In the early 1800s, father of sociology August Comte looked with envy upon physical sciences and hoped to develop a science of society. The result was centuries of disappointment and even surrender. The field of sociology is working on important problems, but it is not the science that Comte anticipated.
In the mid-20th century, biochemist and science fiction author Isaac Asimov wrote a series of science fiction stories about psychohistory, a mathematical science of society. These stories tantalised several generations of enthusiasts, but provided few clues on how to develop such a science, beyond it needing to be statistical.
Times have finally changed, and it is now an exciting time for the development of a science of history (and society). Recent advances in computing power have made a wide range of tools available that allow today’s pioneers to make a serious effort to develop a science of history. High level programming languages, machine learning and big data tools make processing and analysing data much more efficiency and cost-effective. The internet and the abundance of historical works now placed online make getting that data easier. Projects such as Seshat, Wikidata and Millennia Data will organise and warehouse that data and make it easily accessible to the world and allow for more critical validation.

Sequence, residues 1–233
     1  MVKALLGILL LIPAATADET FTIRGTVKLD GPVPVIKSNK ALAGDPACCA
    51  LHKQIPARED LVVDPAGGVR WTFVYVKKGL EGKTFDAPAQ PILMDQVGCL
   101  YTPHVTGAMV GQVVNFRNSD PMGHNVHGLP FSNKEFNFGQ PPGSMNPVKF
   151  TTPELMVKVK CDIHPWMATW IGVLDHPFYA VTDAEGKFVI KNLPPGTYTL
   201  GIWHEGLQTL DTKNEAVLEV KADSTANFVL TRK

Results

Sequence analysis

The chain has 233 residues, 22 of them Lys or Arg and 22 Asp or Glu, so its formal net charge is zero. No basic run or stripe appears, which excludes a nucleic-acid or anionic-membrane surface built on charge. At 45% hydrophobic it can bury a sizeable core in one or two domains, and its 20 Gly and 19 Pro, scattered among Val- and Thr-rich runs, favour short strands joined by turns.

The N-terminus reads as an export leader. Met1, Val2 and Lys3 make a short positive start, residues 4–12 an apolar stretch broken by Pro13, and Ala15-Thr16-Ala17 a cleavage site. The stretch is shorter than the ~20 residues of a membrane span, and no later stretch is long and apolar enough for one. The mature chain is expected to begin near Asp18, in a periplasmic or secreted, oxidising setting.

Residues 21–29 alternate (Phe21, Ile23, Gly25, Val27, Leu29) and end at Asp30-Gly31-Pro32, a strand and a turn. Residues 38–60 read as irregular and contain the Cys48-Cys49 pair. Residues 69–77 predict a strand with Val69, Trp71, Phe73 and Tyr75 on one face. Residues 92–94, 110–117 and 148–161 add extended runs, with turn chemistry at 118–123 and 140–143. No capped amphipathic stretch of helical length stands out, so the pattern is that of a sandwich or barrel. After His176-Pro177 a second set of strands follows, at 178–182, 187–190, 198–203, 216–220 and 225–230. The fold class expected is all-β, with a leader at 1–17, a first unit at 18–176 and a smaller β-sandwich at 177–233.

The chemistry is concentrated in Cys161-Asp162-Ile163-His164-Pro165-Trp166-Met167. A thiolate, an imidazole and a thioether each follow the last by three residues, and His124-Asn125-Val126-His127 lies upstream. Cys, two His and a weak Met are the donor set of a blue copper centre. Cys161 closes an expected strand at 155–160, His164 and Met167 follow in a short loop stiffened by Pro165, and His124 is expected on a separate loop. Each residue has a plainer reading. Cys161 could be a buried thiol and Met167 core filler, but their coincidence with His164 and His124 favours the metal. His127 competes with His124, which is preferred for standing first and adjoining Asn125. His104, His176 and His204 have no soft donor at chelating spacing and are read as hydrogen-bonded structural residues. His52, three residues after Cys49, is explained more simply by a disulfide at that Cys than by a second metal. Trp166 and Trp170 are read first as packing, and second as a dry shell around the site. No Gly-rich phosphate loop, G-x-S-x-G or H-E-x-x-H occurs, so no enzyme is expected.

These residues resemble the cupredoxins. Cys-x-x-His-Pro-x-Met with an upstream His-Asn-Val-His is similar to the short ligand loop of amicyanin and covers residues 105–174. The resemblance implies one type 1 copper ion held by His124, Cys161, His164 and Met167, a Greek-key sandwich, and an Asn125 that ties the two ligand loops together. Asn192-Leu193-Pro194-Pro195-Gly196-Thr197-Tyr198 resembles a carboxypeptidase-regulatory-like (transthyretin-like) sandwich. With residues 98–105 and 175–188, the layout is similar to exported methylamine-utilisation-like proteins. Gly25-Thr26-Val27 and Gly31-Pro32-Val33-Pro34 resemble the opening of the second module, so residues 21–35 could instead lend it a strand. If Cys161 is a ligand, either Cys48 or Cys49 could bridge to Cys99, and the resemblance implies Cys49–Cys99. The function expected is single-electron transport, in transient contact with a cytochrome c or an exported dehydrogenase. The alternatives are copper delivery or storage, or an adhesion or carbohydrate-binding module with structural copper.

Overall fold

Further, there is an increased willingness of physical and natural scientists to lead the development of such a science.These scientists are bringing paradigms and tools from biology, physics and computer science that are becoming the heart of this new science such as complex systems, ecology and thermodynamics. The spirit of enthusiasm so prevalent in the science and technology communities is bringing a new energy to the field of history.
Peter Turchin et al. are developing the field of Cliodynamics and building up a significant body of research and scholarship. I have been bringing physical approach to model the emergence and fall of dynasties and to generalise this science to apply to any society, be it on Earth or on distant exoplanets. David Christian’s Big History also connects human history with cosmology. Richard Carrier has developed techniques to utilise Baye’s Theorem to help validate historical data.
Yet this field is really at its beginning. There are tremendous opportunities for newcomers to develop and apply this science to help sustain human society and improve quality of life. I encourage readers to get involved and bring their own energy and ideas to the field. To the extent the development of this science becomes successful, it will be one of the greatest advances of humanity.